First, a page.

Breed Overview

    Group: Sporting

    Height: 25 to 27 inches (male); 23 to 25 inches (female)

    Weight: 60 to 95 pounds

    Coat and Color: Small, tight, water-resistant curls that cover the body from the tail all the way up to the top of the head; feathering fringe of hair on the ears, belly, thighs, feet, legs, and tail; colors include black and liver

    Life Expectancy: 10 to 12 years

  • 08 of 10

    Boykin Spaniel

    Redsidephoto / Getty Images

    Hailing from the Southern United States, the Boykin spaniel has a reputation for being an easygoing family companion that’s well-suited for life on water. It sports webbed toes and a compact, athletic body that is perfect for swimming. Take this dog on the boat or out for your next waterfowl hunting adventure, and you’ll have a happy pal that’s always ready to swim.

    Breed Overview

    Group: Sporting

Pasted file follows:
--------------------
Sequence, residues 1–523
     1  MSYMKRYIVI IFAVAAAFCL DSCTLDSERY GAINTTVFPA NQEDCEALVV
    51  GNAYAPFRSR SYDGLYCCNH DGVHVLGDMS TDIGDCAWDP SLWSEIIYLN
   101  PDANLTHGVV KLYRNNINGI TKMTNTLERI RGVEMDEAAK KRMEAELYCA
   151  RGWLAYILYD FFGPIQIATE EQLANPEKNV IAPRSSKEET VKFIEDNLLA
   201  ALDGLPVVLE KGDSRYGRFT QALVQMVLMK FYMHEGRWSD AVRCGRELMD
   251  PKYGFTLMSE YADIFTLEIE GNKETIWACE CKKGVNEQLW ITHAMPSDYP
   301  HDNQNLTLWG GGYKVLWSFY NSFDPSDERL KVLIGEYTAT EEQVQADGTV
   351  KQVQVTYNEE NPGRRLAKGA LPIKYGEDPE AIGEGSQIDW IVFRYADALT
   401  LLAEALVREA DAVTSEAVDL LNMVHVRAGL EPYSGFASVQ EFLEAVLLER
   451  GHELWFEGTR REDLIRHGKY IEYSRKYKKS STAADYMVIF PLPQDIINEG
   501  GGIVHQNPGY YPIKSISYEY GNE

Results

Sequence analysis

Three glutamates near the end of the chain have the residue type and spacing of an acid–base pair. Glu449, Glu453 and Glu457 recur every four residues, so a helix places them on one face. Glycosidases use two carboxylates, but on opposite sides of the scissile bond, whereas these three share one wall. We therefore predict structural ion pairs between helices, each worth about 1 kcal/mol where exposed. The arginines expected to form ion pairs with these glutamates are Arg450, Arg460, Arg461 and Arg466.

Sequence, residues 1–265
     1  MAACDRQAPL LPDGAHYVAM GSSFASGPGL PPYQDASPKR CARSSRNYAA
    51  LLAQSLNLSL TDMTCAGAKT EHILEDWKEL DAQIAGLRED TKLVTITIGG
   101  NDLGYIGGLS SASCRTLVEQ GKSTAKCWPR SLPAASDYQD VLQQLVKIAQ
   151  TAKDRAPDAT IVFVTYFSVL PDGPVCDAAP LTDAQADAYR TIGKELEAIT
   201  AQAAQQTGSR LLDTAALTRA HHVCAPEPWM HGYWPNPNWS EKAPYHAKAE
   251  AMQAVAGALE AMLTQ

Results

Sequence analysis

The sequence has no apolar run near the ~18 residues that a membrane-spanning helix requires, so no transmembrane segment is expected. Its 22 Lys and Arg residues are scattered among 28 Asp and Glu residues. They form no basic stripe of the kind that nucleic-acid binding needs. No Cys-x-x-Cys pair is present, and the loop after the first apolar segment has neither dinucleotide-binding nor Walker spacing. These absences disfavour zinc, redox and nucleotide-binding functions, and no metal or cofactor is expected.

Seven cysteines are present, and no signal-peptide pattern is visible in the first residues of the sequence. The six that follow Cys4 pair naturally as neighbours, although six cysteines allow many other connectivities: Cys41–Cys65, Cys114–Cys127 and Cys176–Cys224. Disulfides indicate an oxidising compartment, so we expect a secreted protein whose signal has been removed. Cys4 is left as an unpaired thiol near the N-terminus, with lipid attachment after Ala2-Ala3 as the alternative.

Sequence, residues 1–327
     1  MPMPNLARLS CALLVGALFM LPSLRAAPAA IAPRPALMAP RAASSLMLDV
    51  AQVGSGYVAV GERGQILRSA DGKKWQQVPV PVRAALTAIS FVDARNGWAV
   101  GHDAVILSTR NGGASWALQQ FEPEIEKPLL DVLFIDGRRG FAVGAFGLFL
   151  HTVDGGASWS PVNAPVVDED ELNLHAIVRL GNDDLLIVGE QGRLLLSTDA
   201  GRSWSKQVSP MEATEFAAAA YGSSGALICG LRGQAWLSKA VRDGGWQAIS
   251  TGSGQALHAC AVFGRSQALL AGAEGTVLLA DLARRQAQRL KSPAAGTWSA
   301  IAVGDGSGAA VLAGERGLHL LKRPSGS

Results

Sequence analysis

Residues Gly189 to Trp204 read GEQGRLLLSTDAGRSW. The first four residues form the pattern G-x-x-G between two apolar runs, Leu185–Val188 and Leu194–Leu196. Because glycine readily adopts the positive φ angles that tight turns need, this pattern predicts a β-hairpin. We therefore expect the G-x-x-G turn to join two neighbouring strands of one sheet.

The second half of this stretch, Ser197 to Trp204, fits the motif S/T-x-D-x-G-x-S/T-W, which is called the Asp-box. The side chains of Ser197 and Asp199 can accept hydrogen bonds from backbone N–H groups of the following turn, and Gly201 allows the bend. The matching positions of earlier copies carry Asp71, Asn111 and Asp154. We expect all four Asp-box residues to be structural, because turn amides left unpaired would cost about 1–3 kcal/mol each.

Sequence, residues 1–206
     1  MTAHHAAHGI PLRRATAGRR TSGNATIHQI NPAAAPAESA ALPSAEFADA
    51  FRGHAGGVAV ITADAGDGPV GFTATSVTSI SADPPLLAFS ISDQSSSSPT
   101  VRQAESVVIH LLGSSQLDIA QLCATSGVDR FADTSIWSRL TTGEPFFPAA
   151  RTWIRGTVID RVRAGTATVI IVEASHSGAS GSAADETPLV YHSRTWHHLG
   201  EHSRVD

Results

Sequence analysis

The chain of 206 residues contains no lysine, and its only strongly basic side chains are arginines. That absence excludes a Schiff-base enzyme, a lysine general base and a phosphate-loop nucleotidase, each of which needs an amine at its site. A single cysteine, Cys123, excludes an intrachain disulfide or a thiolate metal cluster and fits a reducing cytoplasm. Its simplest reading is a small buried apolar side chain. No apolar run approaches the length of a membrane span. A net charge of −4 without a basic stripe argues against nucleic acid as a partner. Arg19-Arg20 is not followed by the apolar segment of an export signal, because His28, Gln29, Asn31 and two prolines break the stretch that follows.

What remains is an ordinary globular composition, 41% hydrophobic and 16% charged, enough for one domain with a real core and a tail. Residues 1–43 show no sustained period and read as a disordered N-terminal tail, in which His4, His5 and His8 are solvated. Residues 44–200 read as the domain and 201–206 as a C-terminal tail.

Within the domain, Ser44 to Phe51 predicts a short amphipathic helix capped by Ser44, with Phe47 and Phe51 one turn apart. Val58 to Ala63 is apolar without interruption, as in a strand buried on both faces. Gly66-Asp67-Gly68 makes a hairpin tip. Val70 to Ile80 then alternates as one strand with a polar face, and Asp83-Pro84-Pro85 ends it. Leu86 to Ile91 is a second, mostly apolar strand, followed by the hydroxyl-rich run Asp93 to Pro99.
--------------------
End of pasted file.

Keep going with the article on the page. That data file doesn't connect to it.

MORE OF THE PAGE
Height: 15.5 to 18 inches (male); 14 to 16.5 inches (female)

    Weight: 30 to 40 pounds (male); 25 to 35 pounds (female)

    Coat and Color: Deep brown, medium-length, curly coat with a lighter reddish fringe

    Life Expectancy: 10 to 15 years

    Continue to 9 of 10 below.

  • 09 of 10


    slowmotiongli / Getty Images

    The little schipperke originated in Belgium and became popular to bring on ships and keep in dockyards as a rodent exterminator and watchdog. In fact, “schipperke” is Flemish for “little captain.” Despite its small size, this pup is quite energetic, agile, and fearless. And its thick coat helps to keep it warm in the water.

    Breed Overview

    Group: Non-Sporting

    Height: 11 to 13 inches (male); 10 to 12 inches (female)